Professor Paul Stephan on Sanchez Llamas/Bustillo
Not to distract from the Hamdan case (and note Peter’s and Geoff’s useful comments below), on which I have plenty to say (but not just now), I am pleased to share with Opinio Juris readers the thoughts of Professor Paul Stephan of UVA Law School, who submitted an amicus brief in favor of Virginia and Oregon in Sanchez-Llamas/Bustillo, the ICJ case the Court released yesterday. Professor Stephan posted these thoughts on an international law in domestic courts listserve and I republish them below (also, check out Professor Stephan’s important observation about Hamdan at the end of his comments) (Updated with a correction I mistakenly left off).
It will surprise no one on this list to know that I am pleased and impressed with Chief Justice Roberts’s opinion for the Court and somewhat bemused by Justice Breyer’s dissent. The Court grounds its understanding of the relationship between the Supreme Court and the ICJ on Article III of the Constitution, which it understands as bestowing on the Court the ultimate responsibility for interpreting federal law. The opinion indicates that the majority takes this responsibility seriously, and exercises it by reviewing the decisions of the ICJ in LaGrand and Avena as it would any other respected but subordinate court. This approach does not accord with the polyarchic model of the international order that some German theorists and their New World followers celebrate, but it strikes me as a sound, indeed unavoidable account of the domestic legal ordering. The dissent (which, if O’Connor had remained on the Court, might well have been the majority) does not disagree with the principle but seeks to subvert it in practice by combining aggressive deference to the ICJ with a strained interpretation of LaGrand and Avena. What I find most puzzling in the dissent is the assertion that the ICJ would have regarded as acceptable a conversion of Vienna Convention claims into ineffective assistance arguments. If allowing the claimant to make an ineffective assistance argument would satisfy US obligations under LaGrand and Avena, in what way did Oregon and Virginia dishonor this obligation? Is there any evidence that either state would foreclose an ineffective assistance argument grounded on counsel’s failure to make a timely assertion of the Vienna Convention claim? Didn’t the Virginia courts consider this argument on the merits? On the issue that four Justices addressed but the Court did not, I note that Breyer’s interpretation of the Head Money cases seems eerily similar to J.I. Case v. Borak. Is there still time for a majority to embrace the argument that judicial enforcement of treaties on behalf of private persons (whatever the reason for their participation in judicial proceedings) should involve the same analytical process as that applicable to legislation?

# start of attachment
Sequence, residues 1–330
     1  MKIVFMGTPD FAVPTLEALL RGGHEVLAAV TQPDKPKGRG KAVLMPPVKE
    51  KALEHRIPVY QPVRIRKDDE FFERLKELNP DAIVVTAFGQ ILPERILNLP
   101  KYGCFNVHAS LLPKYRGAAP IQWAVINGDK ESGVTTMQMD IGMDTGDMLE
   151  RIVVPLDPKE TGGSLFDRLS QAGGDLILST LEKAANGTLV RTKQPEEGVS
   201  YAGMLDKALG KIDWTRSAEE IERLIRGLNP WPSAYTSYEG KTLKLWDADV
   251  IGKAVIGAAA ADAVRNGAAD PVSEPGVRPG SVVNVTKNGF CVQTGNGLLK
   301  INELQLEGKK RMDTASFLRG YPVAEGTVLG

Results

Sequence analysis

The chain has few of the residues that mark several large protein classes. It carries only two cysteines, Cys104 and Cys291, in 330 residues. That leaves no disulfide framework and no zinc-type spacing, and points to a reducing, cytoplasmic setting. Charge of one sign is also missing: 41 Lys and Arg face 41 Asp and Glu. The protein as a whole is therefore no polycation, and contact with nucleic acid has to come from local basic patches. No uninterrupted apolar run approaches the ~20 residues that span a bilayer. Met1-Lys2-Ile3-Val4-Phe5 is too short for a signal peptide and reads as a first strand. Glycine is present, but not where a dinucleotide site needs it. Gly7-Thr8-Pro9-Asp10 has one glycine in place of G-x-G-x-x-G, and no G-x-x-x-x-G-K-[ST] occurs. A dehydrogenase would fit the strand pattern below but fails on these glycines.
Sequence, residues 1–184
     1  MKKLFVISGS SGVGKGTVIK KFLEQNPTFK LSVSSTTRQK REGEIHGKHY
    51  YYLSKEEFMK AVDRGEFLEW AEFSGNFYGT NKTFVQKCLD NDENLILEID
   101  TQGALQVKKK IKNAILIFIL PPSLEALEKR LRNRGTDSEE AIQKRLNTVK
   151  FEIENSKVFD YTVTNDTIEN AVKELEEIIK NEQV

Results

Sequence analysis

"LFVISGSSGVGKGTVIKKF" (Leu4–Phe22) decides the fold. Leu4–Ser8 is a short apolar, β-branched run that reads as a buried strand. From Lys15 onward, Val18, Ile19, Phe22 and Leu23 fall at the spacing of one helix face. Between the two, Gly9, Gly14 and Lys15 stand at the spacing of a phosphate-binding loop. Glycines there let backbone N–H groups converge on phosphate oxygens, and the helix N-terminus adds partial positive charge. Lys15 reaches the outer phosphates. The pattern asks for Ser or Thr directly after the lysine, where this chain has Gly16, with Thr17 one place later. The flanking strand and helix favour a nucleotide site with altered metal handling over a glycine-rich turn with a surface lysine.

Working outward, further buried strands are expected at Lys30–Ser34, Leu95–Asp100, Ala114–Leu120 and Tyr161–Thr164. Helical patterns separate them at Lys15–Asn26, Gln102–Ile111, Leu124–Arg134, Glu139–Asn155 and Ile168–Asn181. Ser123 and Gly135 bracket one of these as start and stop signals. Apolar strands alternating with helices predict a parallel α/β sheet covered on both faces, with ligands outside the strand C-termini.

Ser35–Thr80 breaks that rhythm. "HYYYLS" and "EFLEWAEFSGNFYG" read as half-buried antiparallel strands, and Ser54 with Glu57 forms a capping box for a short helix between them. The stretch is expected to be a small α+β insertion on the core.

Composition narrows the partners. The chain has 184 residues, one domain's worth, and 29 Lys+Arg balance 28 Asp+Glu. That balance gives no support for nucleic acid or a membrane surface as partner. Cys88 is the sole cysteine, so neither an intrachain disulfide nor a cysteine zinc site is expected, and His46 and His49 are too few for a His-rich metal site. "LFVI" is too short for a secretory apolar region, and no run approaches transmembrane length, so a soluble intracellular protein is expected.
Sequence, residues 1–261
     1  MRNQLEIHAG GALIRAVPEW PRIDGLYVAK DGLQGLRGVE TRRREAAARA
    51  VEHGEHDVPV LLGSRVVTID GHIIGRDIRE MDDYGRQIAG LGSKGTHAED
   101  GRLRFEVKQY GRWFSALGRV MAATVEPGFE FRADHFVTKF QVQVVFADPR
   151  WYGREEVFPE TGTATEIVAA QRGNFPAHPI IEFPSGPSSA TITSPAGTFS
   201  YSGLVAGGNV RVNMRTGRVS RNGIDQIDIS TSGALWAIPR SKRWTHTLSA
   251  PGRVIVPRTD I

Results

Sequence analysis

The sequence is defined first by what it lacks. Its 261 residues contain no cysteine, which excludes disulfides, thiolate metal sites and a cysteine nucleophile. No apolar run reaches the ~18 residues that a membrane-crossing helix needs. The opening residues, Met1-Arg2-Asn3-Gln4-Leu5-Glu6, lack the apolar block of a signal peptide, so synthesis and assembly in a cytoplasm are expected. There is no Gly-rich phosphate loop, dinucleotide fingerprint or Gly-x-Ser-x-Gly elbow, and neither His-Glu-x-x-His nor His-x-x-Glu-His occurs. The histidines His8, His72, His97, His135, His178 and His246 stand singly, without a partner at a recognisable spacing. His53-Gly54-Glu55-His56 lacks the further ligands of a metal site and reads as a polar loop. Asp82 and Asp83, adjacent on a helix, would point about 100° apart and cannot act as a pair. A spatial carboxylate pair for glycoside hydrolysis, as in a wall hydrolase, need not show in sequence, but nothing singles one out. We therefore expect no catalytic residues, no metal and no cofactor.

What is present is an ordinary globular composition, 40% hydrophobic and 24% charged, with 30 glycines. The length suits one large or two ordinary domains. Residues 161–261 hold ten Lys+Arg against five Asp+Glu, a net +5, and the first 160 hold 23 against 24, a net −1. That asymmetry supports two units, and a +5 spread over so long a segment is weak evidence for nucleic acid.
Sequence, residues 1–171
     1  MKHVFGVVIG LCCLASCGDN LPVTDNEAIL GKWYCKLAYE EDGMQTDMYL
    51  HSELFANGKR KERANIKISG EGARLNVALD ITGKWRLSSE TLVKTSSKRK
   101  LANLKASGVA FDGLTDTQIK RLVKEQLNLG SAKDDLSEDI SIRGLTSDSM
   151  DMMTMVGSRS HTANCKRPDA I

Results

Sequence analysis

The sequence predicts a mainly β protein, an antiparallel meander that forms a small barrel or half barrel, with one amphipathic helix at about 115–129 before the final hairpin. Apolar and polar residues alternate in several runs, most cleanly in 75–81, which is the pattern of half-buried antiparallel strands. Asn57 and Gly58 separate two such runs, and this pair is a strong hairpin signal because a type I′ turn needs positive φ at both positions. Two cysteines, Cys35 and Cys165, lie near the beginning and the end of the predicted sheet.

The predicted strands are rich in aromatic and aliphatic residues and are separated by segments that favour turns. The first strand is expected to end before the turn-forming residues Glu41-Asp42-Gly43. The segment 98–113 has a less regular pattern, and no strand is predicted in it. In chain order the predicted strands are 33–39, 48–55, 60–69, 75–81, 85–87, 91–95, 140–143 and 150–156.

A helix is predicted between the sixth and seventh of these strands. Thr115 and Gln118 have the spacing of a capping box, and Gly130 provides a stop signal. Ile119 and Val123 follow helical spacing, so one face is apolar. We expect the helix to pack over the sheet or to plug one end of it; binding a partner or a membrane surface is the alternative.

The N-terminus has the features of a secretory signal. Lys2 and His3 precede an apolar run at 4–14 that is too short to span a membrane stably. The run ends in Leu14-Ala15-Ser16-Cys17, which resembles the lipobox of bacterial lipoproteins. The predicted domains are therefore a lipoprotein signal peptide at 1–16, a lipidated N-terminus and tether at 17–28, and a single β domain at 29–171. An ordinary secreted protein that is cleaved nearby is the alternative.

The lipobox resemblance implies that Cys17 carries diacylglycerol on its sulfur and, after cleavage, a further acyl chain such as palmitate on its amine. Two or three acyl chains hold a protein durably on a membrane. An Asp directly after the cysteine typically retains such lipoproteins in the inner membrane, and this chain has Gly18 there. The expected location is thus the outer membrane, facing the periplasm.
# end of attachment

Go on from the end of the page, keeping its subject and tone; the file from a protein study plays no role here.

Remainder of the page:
In general, Breyer’s opinion strikes me as a wonderful example of diplomacy but very poor law. Soothe the Europeans and the ICJ by sending the case back for review but order the lower courts to apply a standard that already has been met, giving lip service to the hierarchical priority of national law but bend over backward to please the outside world. The problem is that the lower courts are left without workable standards to determine what it takes to “give effect” to Vienna Convention rights.
Finally, I note that in Hamdan at least Kennedy (the crucial fifth vote) seems to regard the Geneva Conventions as applicable due to legislative incorporation and not as of their own force. So the issue of whether self execution equates with direct effect, and if so what direct effect means, remains open.